Last Monday, I was interviewed by my former (and fabulous!) client, Emily Utter, on her amazing Video Summit called The Adventurous Entrepreneur where I spoke about the 4 Keys to Freedom & Prosperity in Your Business. (Free replays of the whole summit are available now through the 31st of July). One of the keys I talked about was Effective Delegation and how it can impact your business. As a result, I have had a ton of comments and questions from clients and followers that all circle around the theme of “what do I keep and what do I delegate?” This inspired me to create a simple Four Quadrant matrix to help you get clear on what you should keep and what you should delegate in your business to create the freedom and prosperity you desire.
Before I dive into “what,” I first want to share “why.” A lot of my clients resist delegation, particularly when they are first starting their businesses and they have more time on their hands. Clearly, as we get busier, it becomes more important to get support. As an example, I calculated that my assistant saves me 15 business weeks a year and I only have to have 3 client calls a month to pay for her services. I have a whole lot more capacity to see clients and focus on the work I love thanks to her. I also can make a whole lot more money and have more free time to do the things that really matter to me (volunteer, go for long walks with my dog, putter in my garden, have tea with friends, read a book every week, and go on trips with my husband, Eric, among other things). One of my secrets, however, is that I hired an assistant when I wasn’t even close to capacity with my client load and I had enough time to do everything on my plate myself. Why? Because when I was doing all that work myself, I spent several hours a day doing things I wasn’t good at and didn’t like. And that made me feel like I had a JOB and I didn’t become an entrepreneur so I could feel like I had a job. It was stealing my energy and making me unhappy. Hmmmmm…can any of you relate? Trust me, if you focus your energy on the things you are good at and you enjoy, you will make a lot more money a few months down the road, and more importantly, you will be a far, far happier human being.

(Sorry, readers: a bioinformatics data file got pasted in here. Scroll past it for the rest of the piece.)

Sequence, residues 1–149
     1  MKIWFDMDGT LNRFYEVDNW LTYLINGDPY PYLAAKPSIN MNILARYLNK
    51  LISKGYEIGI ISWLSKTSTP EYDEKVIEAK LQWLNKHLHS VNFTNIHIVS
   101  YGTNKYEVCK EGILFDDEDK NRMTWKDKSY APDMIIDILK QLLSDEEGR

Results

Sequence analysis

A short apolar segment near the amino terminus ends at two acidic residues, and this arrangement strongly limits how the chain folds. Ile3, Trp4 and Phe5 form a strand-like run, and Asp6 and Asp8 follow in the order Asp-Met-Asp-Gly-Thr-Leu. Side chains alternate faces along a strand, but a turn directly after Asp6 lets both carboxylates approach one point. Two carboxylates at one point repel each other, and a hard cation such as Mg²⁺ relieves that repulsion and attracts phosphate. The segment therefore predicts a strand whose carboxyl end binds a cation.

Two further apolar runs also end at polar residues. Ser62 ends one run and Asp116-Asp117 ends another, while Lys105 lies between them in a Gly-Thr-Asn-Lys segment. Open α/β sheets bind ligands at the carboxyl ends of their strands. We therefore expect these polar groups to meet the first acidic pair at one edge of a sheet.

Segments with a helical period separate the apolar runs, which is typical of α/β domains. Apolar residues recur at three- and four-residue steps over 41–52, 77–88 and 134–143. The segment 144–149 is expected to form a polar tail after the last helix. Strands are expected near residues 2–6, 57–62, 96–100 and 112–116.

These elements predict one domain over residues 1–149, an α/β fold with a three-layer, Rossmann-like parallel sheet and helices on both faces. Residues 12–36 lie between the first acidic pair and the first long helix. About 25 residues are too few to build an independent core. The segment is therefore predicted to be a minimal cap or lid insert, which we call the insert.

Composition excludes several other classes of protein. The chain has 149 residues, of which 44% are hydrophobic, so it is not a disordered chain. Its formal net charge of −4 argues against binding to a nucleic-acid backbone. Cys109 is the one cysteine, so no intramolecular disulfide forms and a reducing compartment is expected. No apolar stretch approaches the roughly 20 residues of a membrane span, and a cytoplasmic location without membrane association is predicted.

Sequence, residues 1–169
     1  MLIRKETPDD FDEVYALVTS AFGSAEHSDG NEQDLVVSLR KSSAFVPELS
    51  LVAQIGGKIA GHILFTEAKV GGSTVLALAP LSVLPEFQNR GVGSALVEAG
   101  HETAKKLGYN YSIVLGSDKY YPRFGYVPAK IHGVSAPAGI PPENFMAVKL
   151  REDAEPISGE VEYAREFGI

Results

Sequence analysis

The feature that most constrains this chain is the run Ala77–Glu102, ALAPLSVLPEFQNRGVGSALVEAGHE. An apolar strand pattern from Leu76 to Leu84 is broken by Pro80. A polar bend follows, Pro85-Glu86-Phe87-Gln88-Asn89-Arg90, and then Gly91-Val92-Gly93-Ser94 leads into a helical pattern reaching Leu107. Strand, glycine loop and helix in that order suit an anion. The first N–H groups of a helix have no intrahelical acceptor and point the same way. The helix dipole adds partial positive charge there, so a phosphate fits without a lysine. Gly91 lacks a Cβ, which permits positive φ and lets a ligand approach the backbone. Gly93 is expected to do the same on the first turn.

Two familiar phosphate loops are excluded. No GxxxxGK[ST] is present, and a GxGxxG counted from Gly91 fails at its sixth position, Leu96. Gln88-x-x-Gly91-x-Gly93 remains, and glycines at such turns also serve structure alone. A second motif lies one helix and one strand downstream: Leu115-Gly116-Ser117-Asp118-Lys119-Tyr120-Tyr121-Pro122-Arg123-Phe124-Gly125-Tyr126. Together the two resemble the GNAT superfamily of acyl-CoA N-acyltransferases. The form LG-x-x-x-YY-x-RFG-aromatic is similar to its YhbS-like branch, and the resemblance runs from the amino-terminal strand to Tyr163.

- Tasks You Are Good at and Enjoy – this is what I call your “sweet spot.” These are the things you should always do yourself until you are at or near full capacity. Once you are at full capacity, you may choose to delegate things that fall into this category if it creates greater opportunity in your business and life. As an example, some of my colleagues who are coaches and mentors, hire other coaches to work for them with their clients. This opens up bandwidth and allows them to focus their coaching on their “platinum clients” as well as other pieces of their business they also are good at and enjoy, like training and speaking. I delegate some of my marketing and copywriting even though I feel I am good at it and enjoy it, because it is time intensive and by collaborating with others, I get even better results than when I tackle it on my own. So when looking at what you are good at and what you enjoy, you also want to take into consideration how much bandwidth it takes or if you will get better results if you were to delegate some of these tasks.